Two years ago, on a balmy afternoon in Kolkata, crisp currency notes rained down from the sky.
Well, not really, but for many onlookers, the windfall seemed heaven-sent. The dazzling dance of cash started from the 15th floor of a decrepit office building in Chowringhee, one of the city's main thoroughfares.
Beggars on the street scurried about, treating themselves to fistfuls of money. Some were knocked down by thick bundles of cash hurtling from above, before white-coated policemen cordoned off the area.
As it turned out, the money was not a handout from heaven. Executives at an engineering company in the building had caught wind of an imminent raid by income-tax authorities. In a last-minute effort to escape punishment, they began dumping bundles of bills from an unreported stash of 150 million rupees (Dh12.2m).
This incident is hardly an aberration.
In India, as in a number of other south Asian countries, tax evasion is endemic, starving the government of revenue and retarding the pace of economic growth and social development.
This has also spawned a shadow economy, with a large number of delinquent taxpayers believed to be hiding wealth - what is known as "black money".
India's finance ministry estimates that the off-the-books economy totals about 40 per cent of the country's GDP or about US$500 billion (Dh1.83 trillion) annually.
Global Financial Integrity, a think tank based in Washington, estimates that between 1948 and 2008, Indians transferred nearly $462bn of ill-gotten wealth overseas. The figure does not, however, account for the entire cost of corruption in India, as some of it is kept onshore.
Most of the black money in overseas banks is believed to be public funds siphoned off by corrupt politicians, bureaucrats and businessmen.
In recent months, various civil rights activists - including the ochre-robed yoga guru Swami Ramdevand the Gandhian reformer Anna Hazare - have orchestrated high-decibel protest campaigns against black money, galvanising millions of supporters.
The protesters have criticised the government's tepid approach to corruption and have demanded it act aggressively to bring back black money parked in bank accounts abroad.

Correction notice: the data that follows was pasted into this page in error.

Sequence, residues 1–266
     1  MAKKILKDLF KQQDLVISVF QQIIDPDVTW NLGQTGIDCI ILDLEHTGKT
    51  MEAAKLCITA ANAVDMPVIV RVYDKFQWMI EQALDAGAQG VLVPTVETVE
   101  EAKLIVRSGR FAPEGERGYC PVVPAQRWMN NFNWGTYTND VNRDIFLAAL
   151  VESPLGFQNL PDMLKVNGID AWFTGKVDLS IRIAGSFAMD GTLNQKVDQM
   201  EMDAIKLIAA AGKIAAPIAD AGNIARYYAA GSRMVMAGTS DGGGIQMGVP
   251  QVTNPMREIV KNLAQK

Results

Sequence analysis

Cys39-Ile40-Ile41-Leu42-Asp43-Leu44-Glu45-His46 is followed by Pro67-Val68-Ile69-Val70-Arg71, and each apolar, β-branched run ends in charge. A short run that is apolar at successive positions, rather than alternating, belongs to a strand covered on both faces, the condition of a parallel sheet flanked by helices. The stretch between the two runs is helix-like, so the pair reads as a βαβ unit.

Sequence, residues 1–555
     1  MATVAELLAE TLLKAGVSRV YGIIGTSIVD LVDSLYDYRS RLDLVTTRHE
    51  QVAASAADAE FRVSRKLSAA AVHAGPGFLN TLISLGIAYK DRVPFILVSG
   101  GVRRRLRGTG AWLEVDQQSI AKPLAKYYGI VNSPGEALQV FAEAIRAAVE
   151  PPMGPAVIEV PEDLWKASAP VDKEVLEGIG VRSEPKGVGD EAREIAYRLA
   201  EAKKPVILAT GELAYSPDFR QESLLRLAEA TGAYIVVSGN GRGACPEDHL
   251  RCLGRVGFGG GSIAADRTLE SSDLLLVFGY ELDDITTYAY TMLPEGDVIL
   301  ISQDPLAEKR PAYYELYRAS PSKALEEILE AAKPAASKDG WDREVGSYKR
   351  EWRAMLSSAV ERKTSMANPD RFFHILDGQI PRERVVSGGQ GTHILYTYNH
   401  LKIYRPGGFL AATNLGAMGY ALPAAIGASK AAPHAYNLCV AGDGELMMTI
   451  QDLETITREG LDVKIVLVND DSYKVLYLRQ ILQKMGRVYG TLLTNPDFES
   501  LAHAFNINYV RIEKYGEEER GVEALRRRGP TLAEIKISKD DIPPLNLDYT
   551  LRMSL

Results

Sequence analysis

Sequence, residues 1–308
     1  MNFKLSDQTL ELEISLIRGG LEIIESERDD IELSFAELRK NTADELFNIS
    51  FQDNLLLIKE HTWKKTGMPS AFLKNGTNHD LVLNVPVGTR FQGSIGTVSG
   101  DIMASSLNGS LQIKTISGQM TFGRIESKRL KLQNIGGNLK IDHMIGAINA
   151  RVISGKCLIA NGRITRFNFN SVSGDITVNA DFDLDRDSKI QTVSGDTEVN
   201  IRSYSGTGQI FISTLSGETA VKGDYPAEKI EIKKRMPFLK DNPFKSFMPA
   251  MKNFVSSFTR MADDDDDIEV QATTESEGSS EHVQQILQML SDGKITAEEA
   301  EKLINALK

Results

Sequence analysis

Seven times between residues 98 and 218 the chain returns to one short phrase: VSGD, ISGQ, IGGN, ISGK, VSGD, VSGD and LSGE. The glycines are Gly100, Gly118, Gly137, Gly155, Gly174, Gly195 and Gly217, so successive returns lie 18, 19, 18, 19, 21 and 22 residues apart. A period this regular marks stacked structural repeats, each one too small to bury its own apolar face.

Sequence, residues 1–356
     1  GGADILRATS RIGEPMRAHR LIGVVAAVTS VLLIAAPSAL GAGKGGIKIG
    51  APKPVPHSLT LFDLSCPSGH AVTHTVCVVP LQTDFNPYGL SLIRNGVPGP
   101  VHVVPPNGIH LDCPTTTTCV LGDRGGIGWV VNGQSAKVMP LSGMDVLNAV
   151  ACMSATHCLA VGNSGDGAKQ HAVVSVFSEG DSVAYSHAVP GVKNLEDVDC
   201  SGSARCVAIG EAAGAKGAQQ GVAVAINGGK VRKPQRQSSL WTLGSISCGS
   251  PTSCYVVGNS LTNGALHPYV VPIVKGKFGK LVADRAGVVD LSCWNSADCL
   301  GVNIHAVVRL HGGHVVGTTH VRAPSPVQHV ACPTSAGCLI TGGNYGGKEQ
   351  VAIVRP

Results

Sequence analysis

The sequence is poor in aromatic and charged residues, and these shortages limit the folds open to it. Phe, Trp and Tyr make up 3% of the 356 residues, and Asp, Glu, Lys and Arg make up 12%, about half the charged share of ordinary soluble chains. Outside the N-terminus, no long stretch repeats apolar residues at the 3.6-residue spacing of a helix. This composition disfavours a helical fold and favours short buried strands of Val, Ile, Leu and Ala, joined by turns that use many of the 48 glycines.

Swami Ramdev demanded that the government introduce stiff punishment, even the death penalty.
Many considered that suggestionextreme, but the authorities are considering making tax evasion a criminal offence instead of a civil violation.
Prakash Chandra, who heads India's Central Board of Direct Taxes, suggested that exemplary punishment would be a strong deterrent.
"The idea is to identify loopholes and plug them, wherever needed," Mr Chandra said. "If we still find deficiencies, then we will examine the possibility of introducing a new law."
The government estimates that if India's shadow economy were integrated into the official GDP - with what is now undeclared income being taxed at the official rate of 30 per cent - 7.5tn rupees of revenue would be realised, more than twice the fiscal deficit.
Last year, the government increased its social spending to $47bn, taking the fiscal deficit to a 16-year high. The landmark rural jobs scheme - which promises every rural family 100 days of employment - costs 1 per cent of GDP. The food security bill - which promises to put food on every table - costs $2bn.
These schemes are crucial, analysts say, in fighting hunger and malnutrition, among the estimated 800 million Indians who live on less than $2 a day. In the 2009 Global Hunger Index, compiled by the International Food Policy Research Institute in Washington, India ranked 65th among 84 nations, well below countries such as North Korea and Zimbabwe. But the government is struggling to fund these schemes.
Last year, in a bid to recover money hidden abroad, the government renewed efforts to revise its tax treaties with at least 25 countries and renegotiate agreements with 51 others. Most of the countries with which India sought to renegotiate tax treaties are low-tax or no-tax nations, and most foreign investment in India is routed through these countries.
But many analysts argue that the crackdown on economic offenders must begin at home.
Only 3 per cent of India's 1.21 billion people pay income tax. In the past, India has tried to combat tax evasion by requiring the use of a permanent account number (Pan) for all major financial deals. Pan is a 10-digit taxpayer identifier. But in India, many transactions, especially those related to property, are conducted in cash and are unlikely to be reported.
The remedy does not lie in introducing new laws, some analysts say.
"The law is already there," says Rahul Garg, the executive director for tax and regulatory services at PricewaterhouseCoopers India. "What is needed is the will to implement it."
Under the existing income tax law, introduced in 1961, tax evasion is punished with imprisonment ranging from three months to seven years. Offenders also face heavy fines. Seven-year sentences are rare.